The other evening I was at a reception in Fairfax for a local firm and ran into Henry “Hank” Howell, Jr., a good friend and trial attorney in Virginia Beach.
For those who don’t know, Hank’s dad, Henry Howell of Norfolk, was one of the truly significant figures in the political history of Virginia. Here’s how:
Prior to the 1960′s, the Virginia Democratic Party was completely controlled by the Byrd Organization and its leader, U.S. Senator Harry Byrd. The Organization effectively ran nominations at the state, local and Federal level. By controlling access to registration, they also ensured that these conservative Democrats won all (or nearly all) popular elections.
In the Sixties, this system began to break down in multiple ways. First of all, conservative politicians and voters — after LBJ’s election in 1964 — began exiting the Democratic party in increasing numbers. Secondly, liberal Democrats began getting elected to Congess and the Assembly, without the Organization’s blessing. In turn, they began reshaping the party’s conservative ideology.
The most prominent of these revolutionaries was Howell, who was a local attorney elected to the State Senate in 1963 representing Norfolk. Elected after the demise of Massive Resistance, Howell spoke up for working people and consumers. He asked for modern-day workplace protections. He also trained a daring attack on large public utilities like Virginia Power which held a monopoly economically and politically.
Using the slogan “Keep the Big Boys Honest,” Howell ran for Governor in 1969 as the liberal alternative to the pro-business Democrat, Bill Battle. At a rally in Burke Lake Park, he spoke to a group of Fairfax Democrats, while a 1-year old in a yellow jump suit played in front of the lectern.
Howell lost a hotly-contested primary, but Battle lost the general election to Republican Linwood Holton, who became the first Republican to win a statewide office in 80 years. In that race, Howell established himself as the spokesman of the liberal cause in Virginia.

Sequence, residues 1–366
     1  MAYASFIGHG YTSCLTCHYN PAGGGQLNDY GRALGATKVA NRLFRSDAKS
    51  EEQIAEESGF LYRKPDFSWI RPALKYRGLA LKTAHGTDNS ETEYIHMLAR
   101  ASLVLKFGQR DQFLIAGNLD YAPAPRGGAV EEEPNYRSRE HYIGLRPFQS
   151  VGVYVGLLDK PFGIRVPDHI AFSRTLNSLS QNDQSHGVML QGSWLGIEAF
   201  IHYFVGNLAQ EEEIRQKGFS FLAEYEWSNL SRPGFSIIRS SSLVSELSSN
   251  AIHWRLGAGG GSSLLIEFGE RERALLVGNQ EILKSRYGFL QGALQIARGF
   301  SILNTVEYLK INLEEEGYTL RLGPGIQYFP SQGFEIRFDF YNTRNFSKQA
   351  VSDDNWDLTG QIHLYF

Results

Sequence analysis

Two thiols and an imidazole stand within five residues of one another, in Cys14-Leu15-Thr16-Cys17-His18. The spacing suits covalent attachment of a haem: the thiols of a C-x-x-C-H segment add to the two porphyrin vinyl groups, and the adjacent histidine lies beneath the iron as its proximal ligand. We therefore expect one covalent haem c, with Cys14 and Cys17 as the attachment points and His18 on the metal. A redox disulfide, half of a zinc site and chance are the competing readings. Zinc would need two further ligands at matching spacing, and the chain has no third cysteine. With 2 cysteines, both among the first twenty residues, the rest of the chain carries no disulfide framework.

In 1971, after the untimely death of Sarge Reynolds (D-Richmond), Howell ran — and won — for the open position as Lt. Governor. His winning issue was a simple one: repealing the sales tax on groceries and medicine.
A Democrat opposing taxes? In those days, yes.
In 1966, Governor Mills Godwin (first a Democrat, then a Republican) had instituted a statewide sales tax of 2% to support a new community college system. An extra penny was then added on at local option and one more (to 4%) to support local K-12 education.
The rapid growth of the sales tax was not unprecedented in the United States, but it had a concerning effect in the impact it had upon poor/working families.
Previously, taxation in Virginia had been based upon property ownership. (One of the reasons that voting in the 1828 constitution was limited to owners of 25+ acres). That way, the impact of taxation was at least allocated to those able to pay it.
But Howell’s efforts on sales tax fizzled out. He was not able to pass his legislation and a run for Governor in 1977 failed in the Democratic primary to Andrew Miller, who then lost to Republican John Dalton.
Fast-forward a few years …
In 1986, the Democratic Assembly and Democratic Governor, Gerald Baliles, passed a transportation bill which raised the sales tax a half-cent (to 4.5%). That’s where it stayed for eighteen years.
Then in 2004 the Assembly, now Republican, accepted another sales tax increase (to 5%) at the behest of Democrat Mark Warner to support K-12 education, with the proviso that the Howell exception for groceries and medicine be phased in.
In 2013, a Republican Governor pushed an “innovative” concept, increasing sales tax again — and repealing the tax on gas — in order subsidize transportation. When the smoke cleared, the Assembly had accepted a o.3% statewide increase and a larger increase up to six cents (6.0%) in northern Virginia and Hampton Roads.
In short, a Republican Assembly has increased the sales tax by 33% in the past nine years, while repealing the tax on inherited wealth and enacting dozens of tax credits which benefit corporate or high-income users.
And how have the Democrats reacted?
By and large, they have voted in lock-step for these tax increases, even though the impact is borne by the Democratic voting base. Perhaps it’s because Democratic reps are just hard-wired to vote “yes” to any tax increase> Or perhaps they really do believe the conservative argument that taxes on consumption (as opposed to wealth) are always best, even when the tax is unrelated to the benefit.
Either way, the willingness to raise the sales tax on every occasion (and endorse Republican proposals doing the same) does nothing to promote the Democratic brand in Virginia — or bring out the voting base in November.
And it ignores the spirit and legacy of Henry Howell.